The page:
Brain science tells us that by learning maths in small, related chunks, your child will remember more. White Rose uses the best available research to map out the crucial learning steps that will help your child to understand clearly what they are learning.

You can find out more about our approach to Maths by viewing our Maths policy below.

Article 28- Every child has the right to an education.

The Curriculum Overview

You can view the broad curriculum overview for Y1 – Y6 here.

For Reception, please click here.

Click here for our Maths Policy which also contains our approach in Pre-School.


This shows you what each class plans to cover across the year.

Our teachers adapt the scheme dependent on the need of the class, so for the latest information, check your class Google drive folder for the termly overviews which will advise you of the planned learning for each week.

Calculation Strategies

The helpful documents below show you how we teach different skills across the year groups.

Addition and Subtraction 

Multiplication and Division 

Number Sense

In Year One and Year Two, children have a 15-minute number sense session four times a week alongside regular maths sessions. Number Sense is also used as an intervention for children in Key Stage Two who need extra support to recall their number facts.

Number sense is a number Facts fluency programme which teaches a core set of number facts and the calculation strategies that are used to solve them. Modelled on the phonics programmes used in early reading, the programme groups the grid facts and teaches them systematically alongside the calculation strategies that can be used to solve them. All facts are taught comprehensively on the path to fluency. To see the number facts taught, and for more information on the different strategies used, click on the links below.

Addition Facts Grid

Subtraction Facts Grid

Description of Calculation Strategies

Times Tables

We know that children who can recall facts enjoy and are able to secure the maths curriculum easier than the children who can’t recall these facts. We also know from research that depth is much more important than speed. 

At Somerdale we teach times table fluency separately from application of these facts in Lower Key Stage Two. We use a variety of activities which develop reasoning to secure number facts whilst almost always teaching other linked aspects of the curriculum at the same time. We have a systematic, whole class approach to teaching the times tables and it is taught little and often, for a few minutes a couple of times each day.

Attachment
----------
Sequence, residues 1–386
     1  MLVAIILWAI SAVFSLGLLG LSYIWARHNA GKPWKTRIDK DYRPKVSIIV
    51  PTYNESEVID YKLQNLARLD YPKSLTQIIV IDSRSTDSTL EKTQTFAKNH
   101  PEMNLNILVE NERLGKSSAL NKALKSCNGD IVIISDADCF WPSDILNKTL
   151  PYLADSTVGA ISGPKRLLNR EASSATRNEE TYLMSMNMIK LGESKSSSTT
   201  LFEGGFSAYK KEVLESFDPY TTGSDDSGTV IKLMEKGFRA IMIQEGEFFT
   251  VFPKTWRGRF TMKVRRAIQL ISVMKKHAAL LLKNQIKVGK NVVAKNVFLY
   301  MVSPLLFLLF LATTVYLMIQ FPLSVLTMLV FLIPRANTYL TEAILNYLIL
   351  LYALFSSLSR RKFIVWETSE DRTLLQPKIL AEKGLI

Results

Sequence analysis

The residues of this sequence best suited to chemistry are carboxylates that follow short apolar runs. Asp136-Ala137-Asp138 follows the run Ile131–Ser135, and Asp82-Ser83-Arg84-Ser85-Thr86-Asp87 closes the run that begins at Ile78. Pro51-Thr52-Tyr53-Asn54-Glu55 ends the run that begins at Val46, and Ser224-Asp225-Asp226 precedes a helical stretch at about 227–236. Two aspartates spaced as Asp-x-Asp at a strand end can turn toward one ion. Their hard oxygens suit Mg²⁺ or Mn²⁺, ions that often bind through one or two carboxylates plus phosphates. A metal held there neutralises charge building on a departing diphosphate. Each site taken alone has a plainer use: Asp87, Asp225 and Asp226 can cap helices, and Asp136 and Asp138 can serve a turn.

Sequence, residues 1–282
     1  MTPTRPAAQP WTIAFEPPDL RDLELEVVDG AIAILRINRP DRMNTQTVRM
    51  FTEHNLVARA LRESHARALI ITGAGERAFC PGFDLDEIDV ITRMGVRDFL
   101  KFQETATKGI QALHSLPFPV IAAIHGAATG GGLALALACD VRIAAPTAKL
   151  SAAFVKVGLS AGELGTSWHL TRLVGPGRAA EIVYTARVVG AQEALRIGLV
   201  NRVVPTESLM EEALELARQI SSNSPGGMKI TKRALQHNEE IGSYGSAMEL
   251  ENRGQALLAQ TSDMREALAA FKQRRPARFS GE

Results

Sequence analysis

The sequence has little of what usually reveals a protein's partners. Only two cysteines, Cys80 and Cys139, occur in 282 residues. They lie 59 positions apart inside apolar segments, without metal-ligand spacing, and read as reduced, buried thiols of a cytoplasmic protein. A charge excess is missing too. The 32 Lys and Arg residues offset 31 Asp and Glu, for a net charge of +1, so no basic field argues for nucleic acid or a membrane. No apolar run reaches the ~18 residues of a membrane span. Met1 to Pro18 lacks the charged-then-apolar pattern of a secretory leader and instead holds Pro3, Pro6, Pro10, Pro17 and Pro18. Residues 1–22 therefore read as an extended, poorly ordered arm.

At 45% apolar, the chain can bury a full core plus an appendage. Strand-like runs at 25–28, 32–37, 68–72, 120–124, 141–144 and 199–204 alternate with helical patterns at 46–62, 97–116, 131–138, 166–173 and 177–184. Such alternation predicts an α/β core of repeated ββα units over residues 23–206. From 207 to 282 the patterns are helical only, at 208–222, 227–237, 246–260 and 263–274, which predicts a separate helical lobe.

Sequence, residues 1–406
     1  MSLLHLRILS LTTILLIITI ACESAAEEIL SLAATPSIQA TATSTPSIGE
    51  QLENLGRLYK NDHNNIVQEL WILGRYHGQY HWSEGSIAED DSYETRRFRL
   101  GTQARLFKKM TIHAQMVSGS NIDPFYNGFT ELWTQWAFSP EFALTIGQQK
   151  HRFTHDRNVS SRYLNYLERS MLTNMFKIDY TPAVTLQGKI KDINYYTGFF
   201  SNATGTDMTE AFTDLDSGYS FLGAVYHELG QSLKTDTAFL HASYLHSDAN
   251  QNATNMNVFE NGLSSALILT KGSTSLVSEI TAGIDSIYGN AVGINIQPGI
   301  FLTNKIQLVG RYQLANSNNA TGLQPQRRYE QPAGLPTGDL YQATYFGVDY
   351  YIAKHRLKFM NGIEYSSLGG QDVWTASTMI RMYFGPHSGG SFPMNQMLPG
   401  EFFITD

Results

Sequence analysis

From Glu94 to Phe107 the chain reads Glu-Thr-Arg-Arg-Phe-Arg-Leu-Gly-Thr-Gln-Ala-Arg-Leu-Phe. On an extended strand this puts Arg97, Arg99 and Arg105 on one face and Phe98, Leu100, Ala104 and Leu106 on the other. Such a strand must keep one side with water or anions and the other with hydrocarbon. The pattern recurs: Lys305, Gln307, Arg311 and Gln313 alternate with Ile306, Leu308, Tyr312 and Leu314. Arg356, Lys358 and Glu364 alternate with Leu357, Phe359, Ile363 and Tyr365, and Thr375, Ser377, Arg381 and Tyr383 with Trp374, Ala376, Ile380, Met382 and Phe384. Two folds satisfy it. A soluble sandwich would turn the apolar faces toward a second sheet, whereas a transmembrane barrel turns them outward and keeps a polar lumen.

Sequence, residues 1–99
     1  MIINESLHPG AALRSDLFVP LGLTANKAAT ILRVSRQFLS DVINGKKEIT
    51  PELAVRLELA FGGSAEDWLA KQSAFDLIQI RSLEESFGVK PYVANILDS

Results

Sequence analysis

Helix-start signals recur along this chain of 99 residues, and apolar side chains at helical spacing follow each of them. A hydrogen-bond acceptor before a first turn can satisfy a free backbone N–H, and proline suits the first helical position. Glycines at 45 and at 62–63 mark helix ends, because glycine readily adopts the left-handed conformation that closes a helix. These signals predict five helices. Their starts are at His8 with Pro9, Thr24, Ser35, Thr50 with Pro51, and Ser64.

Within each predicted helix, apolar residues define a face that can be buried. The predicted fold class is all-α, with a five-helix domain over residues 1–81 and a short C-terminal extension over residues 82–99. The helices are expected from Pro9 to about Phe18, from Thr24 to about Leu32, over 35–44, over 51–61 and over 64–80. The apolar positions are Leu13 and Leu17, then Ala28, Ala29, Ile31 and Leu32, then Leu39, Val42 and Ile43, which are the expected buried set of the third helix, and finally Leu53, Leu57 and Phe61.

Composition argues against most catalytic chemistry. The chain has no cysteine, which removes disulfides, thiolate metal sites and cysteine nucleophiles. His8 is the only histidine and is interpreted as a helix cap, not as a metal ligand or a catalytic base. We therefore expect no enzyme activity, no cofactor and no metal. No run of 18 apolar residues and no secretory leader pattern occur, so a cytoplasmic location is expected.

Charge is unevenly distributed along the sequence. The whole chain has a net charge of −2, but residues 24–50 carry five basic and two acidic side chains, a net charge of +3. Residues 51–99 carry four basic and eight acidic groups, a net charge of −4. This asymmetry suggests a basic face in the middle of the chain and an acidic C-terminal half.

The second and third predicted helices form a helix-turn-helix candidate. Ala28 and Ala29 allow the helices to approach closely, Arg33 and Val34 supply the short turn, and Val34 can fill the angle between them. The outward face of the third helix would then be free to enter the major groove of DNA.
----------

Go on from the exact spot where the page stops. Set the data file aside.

We follow these key principles when teaching times tables in Key Stage Two:

-We learn each number sentence as a memorised phrase by repeating the sound pattern out loud.

We learn each fact one way round only.

4 x 6 =  becomes six fours are twenty four.

We always state the larger number first. The children very quickly become attuned to this and it helps in the learning process.

We learn one new fact at a time. We will look at 6 x 6 = 36 one day. Then 7 x 6 = the following day.

We don’t think about the answers –  we want them to become known facts so we leave the answers on the board.

You can see an overview of the building block facts that make up times tables and where they are taught by viewing the summary below.

Times Table Summary

Resources to support at home:

This year we are developing maths booklets for parents full of ideas on how you can help your child with their maths skills at home, and to explain the different models we use to teach maths in school.

We also hope to bring you some parent workshops, specific to each year group.

White Rose Maths provides parent booklets you may find useful for home: https://whiterosemaths.com/for-parents/parent-workbooks/

White Rose Maths also provide short videos which can be used during remote learning: https://whiterosemaths.com/homelearning/

A parent guide to place value

A parent guide to subtraction

A parent guide to multiplication

A parent guide to division

A parent guide to fractions